The family and friends of Army Sgt. Brian M. Wood knew him as a considerate young man who worried about other people more than himself.
That’s the reason, they say, that Wood had not told most of them about the dangerous nature of his job in Iraq.
“He never told us that he was going to be defusing land mines,” said childhood friend Kevin McDonald, 19. “He didn’t want us worrying.”
Wood, 21, a combat engineer from Torrance, was killed April 16 when his military vehicle struck a land mine in Tikrit. He was a member of the 9th Engineer Battalion, 2nd Brigade Combat Team, 1st Infantry Division in Schweinfurt, Germany.
Born in Culver City, Wood was a quiet kid who could be funny while talking to those who knew him well.
He played Little League baseball, was a Cub Scout and, from an early age, loved reading books on history, philosophy and physics, his parents said.
In 2001, Wood graduated from West Torrance High School, where he played trumpet in the marching band.
His friends remember a young man who was kind to everyone and went out of his way to comfort those who were having a rough time in school.
“He would always talk to me and always ask me, ‘What’s wrong?’ and try to cheer me up,” said a friend, Brian Nenno, 20.
Wood’s compassion also showed when Amanda Jane, the cat the family had had since he was 3, was dying of old age. Wood carried her in his arms up the stairs to his bedroom and petted her during her final hours.
“That’s kind of how he was,” said his mother, Patty.
Wood was a good student who could have gone to college, but decided during his sophomore year of high school that he would join the Army after graduation, his family said. He was inspired by his father and three uncles, all military veterans.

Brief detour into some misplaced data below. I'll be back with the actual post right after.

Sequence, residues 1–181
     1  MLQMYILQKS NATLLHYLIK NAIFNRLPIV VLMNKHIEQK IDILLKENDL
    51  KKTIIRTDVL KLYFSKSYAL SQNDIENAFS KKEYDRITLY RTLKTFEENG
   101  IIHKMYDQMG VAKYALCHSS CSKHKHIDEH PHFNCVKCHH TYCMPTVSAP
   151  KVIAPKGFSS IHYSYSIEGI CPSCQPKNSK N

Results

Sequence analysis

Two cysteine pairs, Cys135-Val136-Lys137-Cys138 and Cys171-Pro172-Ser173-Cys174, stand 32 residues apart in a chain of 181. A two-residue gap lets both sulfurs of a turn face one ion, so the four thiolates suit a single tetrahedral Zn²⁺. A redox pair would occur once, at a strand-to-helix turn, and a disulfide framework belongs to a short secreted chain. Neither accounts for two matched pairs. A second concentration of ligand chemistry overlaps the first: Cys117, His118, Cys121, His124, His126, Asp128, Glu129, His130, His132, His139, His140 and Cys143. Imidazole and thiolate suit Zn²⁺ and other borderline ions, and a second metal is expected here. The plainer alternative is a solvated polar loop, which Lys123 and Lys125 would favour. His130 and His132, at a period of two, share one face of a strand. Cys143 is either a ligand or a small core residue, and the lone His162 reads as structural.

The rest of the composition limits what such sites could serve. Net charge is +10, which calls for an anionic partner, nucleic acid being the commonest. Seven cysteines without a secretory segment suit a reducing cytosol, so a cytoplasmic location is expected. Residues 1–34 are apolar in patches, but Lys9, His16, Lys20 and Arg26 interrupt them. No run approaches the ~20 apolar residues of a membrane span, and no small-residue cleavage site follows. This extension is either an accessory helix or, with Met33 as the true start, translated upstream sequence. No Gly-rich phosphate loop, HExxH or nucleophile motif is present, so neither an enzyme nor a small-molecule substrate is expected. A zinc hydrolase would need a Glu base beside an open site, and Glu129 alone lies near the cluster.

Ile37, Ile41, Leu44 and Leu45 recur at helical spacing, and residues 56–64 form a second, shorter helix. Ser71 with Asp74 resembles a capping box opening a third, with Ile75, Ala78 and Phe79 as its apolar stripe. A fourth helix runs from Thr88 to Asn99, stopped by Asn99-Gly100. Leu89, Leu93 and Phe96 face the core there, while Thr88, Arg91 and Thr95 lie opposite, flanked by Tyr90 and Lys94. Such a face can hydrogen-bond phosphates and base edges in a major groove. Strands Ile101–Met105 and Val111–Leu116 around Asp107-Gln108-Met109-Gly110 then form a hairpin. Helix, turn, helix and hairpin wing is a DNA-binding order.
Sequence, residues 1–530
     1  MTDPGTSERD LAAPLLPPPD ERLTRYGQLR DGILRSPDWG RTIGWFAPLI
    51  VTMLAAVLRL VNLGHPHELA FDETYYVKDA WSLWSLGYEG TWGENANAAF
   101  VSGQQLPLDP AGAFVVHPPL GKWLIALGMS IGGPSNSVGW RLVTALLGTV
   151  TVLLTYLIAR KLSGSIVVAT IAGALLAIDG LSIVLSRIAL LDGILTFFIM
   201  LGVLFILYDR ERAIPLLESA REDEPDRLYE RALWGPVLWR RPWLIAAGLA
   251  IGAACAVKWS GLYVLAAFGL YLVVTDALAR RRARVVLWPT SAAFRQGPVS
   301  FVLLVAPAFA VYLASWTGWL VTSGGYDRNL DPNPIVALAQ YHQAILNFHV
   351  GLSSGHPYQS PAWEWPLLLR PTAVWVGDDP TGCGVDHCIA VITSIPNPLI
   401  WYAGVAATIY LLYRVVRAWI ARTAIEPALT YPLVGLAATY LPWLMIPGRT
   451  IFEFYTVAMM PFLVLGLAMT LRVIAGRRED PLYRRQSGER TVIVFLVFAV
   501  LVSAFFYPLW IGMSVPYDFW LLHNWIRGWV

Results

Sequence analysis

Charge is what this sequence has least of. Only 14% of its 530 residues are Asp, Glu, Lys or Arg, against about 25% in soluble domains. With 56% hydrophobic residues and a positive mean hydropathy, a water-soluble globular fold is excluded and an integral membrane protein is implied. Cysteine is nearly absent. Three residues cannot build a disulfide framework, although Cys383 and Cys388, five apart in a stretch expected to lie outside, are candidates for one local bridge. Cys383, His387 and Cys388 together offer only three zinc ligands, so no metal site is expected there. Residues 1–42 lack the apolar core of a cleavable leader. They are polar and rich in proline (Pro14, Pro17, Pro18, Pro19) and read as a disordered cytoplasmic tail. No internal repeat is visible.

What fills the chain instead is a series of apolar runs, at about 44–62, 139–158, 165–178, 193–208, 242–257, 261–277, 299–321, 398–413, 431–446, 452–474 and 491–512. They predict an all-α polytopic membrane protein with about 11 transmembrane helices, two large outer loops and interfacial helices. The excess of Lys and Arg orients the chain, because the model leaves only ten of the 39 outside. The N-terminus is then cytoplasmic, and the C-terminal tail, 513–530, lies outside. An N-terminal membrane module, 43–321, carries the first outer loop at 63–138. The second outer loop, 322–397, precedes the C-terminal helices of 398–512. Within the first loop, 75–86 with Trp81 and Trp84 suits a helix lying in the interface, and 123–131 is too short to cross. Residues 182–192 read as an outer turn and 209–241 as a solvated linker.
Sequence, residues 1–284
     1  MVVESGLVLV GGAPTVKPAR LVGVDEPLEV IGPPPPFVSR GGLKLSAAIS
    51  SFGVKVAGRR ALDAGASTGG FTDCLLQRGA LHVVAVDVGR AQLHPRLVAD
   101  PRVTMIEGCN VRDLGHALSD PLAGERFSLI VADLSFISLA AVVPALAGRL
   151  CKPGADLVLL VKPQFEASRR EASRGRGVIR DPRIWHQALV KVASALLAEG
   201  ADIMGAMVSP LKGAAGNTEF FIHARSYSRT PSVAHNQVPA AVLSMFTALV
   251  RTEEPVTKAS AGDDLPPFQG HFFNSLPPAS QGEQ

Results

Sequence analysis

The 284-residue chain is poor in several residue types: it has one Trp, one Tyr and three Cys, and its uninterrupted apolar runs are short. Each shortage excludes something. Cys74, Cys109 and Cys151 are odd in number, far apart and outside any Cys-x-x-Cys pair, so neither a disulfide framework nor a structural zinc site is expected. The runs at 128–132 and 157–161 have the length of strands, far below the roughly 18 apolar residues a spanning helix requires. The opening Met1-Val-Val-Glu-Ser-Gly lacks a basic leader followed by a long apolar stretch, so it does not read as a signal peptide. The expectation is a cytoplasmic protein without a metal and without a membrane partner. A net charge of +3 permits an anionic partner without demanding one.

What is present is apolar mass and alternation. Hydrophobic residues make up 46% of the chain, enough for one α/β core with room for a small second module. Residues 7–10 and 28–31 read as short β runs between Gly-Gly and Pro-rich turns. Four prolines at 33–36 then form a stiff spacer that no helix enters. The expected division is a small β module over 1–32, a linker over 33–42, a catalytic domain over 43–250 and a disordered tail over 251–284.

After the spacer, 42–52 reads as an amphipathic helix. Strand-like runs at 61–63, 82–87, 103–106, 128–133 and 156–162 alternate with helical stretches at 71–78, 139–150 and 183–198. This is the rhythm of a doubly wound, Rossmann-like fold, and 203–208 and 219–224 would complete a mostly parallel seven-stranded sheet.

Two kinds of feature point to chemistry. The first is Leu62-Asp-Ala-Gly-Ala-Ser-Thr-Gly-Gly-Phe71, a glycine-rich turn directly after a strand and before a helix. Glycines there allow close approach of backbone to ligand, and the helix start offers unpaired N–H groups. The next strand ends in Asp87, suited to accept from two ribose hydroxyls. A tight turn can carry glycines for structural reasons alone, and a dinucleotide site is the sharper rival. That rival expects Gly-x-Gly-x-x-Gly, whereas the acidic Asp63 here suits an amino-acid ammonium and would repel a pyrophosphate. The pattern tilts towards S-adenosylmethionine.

“It is a family tradition of serving our country and giving back,” said his father, Greg. “Bryan was a patriot, a very strong lover of his country and what it stood for, and that was one of the things that he felt that he should do.”
Wood did his basic training at Ft. Leonard Wood in Missouri and later was stationed in Germany. When he arrived in Iraq in March, “he expressed how important he thought what he was doing was,” his father said.
When he called home, he wanted to know about his family and friends. “Even though he was in Iraq and his life was at stake, he wanted to know how things were with us,” McDonald said.
Wood also is survived by two sisters, Katie, 25, and Carrie, 22; and his grandparents, Bob and JoAnn Nunn. He was to be buried Saturday at Pacific Crest Cemetery in Redondo Beach.